Month: March 2011
I’ve been reading about the causes of the Whiskey Rebellion of 1794 and discovered that shortly before in 1787 there was a similar tax rebellion in Massachusetts known as Shays’ Rebellion. (Shays’ Rebellion was basically a showdown between the establishment – of which Mrs. Adams is an example – and the rebels who were being forced into bankruptcy by onerous state taxes imposed by Massachusetts.) In my research I came across this gem over at Yahoo Answers: (bad grammar and misspellings are left intact)
“Did Abigail Adams support Shays Rebellion? Provide 2 examples of why or why not.” – ZVXO
Best Answer – Chosen by Voters:
“There is no indication she knew anything about it. THere were few newspapers, no radio, no tv no Internet.There is a possibility that she did not know how to read anyway. It was against the law in many Colonies for women to learn to read. The current Tv programs about her are totally inaccurate. Women back then were completley subservient to their husbands. Whether women today like it or not, it is a fact.” – J&C H
First off, Abigail Adams (who would later become First Lady) was a consumate writer and scores of her letters exist to this day. Secondly, she was a woman of means who speculated in Massachusetts war securities, and this war debt was the reason for the enormous tax increases which led to Shays’ rebellion:
Unlike her husband, who clung to the traditional belief that real estate was the best and most secure investment, Abigail pursued a riskier but potentially far more profitable venture. She instructed her financial representative, Cotton Tufts (who was also her uncle) to purchase as many state-backed Massachusetts securities as he could locate and she could afford. These securities, due to be redeemed with interest by the state in the future, were trading far below their face value. By buying low, Abigail reasoned that she would make a very large profit if Massachusetts made good on its promises to pay the holders of the certificates their original value plus interest. It was a gamble; who knew if the financially-embarrassed government would in fact be able to pay off its creditors? It was a risk Abigail was prepared to take. Cash-strapped Massachusetts citizens, including war veterans, sold the certificates they could not wait to redeem to Adams and other speculators who bought them up for only a fraction of their face value.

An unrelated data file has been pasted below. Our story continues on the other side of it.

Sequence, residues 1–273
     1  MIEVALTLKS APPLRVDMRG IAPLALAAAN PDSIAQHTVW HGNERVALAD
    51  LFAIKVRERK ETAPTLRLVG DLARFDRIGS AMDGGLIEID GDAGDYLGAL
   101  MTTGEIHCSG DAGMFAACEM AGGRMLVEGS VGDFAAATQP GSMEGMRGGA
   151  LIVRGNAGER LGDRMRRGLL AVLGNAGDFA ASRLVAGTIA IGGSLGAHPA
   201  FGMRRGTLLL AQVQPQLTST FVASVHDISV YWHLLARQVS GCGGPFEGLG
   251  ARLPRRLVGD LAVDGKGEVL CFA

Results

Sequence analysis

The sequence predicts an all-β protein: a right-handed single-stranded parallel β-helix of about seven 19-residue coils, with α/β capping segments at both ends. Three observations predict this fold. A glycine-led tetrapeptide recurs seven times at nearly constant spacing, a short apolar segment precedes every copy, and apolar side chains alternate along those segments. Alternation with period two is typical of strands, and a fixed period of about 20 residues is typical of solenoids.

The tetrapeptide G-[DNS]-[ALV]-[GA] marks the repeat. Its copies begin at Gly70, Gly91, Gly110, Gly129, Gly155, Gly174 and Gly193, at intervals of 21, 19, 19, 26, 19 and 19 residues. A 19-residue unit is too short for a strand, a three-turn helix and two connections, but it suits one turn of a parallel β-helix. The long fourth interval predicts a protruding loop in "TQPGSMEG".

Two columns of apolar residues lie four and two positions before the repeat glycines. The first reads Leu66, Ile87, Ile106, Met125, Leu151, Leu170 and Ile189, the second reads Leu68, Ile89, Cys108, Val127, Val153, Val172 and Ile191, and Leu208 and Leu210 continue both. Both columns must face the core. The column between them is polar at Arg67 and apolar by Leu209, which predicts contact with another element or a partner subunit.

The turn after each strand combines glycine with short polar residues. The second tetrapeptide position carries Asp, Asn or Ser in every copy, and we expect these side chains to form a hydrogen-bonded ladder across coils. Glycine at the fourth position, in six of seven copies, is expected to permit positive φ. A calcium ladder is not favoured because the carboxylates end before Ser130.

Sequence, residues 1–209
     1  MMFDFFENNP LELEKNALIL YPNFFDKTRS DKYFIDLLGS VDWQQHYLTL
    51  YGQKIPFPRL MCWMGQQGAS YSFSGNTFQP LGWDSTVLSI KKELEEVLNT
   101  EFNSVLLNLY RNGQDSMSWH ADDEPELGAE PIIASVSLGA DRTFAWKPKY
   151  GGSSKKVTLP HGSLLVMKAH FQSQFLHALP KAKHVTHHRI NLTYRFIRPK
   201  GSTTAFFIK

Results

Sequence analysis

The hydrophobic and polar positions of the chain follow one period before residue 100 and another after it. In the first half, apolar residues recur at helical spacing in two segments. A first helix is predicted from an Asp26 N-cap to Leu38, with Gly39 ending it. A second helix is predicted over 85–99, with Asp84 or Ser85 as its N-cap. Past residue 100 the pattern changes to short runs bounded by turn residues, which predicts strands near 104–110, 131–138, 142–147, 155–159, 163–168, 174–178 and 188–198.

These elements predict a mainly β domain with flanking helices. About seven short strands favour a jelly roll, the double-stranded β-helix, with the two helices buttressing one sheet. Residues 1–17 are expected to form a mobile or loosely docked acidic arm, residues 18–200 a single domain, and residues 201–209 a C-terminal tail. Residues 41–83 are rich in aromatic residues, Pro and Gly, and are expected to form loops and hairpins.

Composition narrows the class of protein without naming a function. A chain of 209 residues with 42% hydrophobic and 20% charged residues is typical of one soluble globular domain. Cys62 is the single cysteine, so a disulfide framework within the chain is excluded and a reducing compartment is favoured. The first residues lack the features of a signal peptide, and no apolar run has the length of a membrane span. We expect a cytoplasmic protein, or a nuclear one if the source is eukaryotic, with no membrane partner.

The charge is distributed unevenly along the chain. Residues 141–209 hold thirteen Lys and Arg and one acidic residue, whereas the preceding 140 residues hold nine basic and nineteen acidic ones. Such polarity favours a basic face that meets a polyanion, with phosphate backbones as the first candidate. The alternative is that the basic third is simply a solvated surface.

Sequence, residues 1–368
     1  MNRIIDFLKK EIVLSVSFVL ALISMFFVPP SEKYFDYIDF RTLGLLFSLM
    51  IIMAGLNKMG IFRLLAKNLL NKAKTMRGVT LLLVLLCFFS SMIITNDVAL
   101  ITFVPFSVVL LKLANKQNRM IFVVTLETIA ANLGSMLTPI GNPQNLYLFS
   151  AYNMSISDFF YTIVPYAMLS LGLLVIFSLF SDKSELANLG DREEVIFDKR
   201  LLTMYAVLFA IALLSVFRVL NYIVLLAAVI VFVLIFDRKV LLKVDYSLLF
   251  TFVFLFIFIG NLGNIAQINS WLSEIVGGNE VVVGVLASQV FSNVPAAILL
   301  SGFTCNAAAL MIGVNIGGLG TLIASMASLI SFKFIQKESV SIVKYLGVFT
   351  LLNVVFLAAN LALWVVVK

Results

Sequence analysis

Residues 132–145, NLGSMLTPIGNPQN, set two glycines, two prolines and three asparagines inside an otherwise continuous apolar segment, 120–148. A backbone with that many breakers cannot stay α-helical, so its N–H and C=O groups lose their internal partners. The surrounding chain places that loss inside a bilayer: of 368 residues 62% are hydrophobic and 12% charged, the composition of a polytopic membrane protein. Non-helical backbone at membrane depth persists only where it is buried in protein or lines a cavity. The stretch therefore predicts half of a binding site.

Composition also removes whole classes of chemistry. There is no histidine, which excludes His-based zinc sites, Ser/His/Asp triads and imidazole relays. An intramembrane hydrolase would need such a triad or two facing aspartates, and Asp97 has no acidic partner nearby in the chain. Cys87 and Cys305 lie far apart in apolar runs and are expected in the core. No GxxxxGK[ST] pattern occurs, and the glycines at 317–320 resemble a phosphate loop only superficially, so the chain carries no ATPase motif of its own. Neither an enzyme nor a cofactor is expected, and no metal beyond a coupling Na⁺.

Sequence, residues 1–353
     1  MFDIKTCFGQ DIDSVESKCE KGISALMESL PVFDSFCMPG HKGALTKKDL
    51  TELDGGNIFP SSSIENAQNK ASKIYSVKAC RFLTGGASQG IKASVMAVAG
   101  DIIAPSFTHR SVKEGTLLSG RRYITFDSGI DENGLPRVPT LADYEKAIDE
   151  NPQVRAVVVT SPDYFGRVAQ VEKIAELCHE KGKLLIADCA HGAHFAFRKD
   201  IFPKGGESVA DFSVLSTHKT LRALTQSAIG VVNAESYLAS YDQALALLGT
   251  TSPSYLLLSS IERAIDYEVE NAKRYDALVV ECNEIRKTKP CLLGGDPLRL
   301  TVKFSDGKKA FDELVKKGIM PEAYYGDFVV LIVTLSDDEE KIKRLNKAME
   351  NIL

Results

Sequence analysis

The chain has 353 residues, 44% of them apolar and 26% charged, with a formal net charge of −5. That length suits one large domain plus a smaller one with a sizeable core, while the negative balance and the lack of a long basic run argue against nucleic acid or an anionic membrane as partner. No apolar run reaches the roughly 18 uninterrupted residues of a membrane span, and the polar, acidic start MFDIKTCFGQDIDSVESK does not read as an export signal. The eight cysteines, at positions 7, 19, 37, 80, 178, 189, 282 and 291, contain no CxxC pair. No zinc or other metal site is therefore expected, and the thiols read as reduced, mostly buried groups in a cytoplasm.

In 1786, it seemed that Abigail’s gamble would pay off. That March, the Massachusetts legislature laid the heaviest tax in the history of the state, in part to fund the state-issued certificates, including accrued interest. What Abigail did not anticipate was the response of Massachusetts residents to this enormous tax increase.
If the rebels were successful and Massachusetts couldn’t pay off the debt Mrs. Adams’ securities would be worthless. She loathed the rebels and you can read what she had to say about them in this letter to Thomas Jefferson:
With regard to the tumults in my Native State which you inquire about, I wish I could say that report had exaggerated them, it is too true Sir that they have been carried to so allarming a Height as to stop the courts of justice in several Counties. Ignorant, restless desperadoes, without conscience or principals, have led a deluded multitude to follow their standard, under pretence of grievances which have no existence but in their own imaginations.
So here you have a woman speculating in war bonds and regularly corresponding with Thomas Jefferson yet “JC&H” in his Yahoo Answers post asserts that she was illiterate and “completely subservient to her husband”. Unbelievable.
Ok, rant is over. Check back in the next few days for a “Then And Now” post featuring the last remaining hardware store in town!
This is a souvenier from the Monongahela Old Home Week Celebration of 1908. Originally it would have included a ribbon attaching the top and bottom of the medal. I purchased this off eBay a few months ago and was excited to receive it in the mail. Kind of gives you a sense of connection with the people of that time. I wonder who originally purchased this?
Monongahela was booming back in 1908 with the population reaching 7,598 in 1910, eventually peaking at 12,948 in 1970. In 1970 I suspect that there was little in-migration where as in 1908 much of the growth was due to immigrants arriving from all over the world to work in the coal mines and at the supporting industries in town.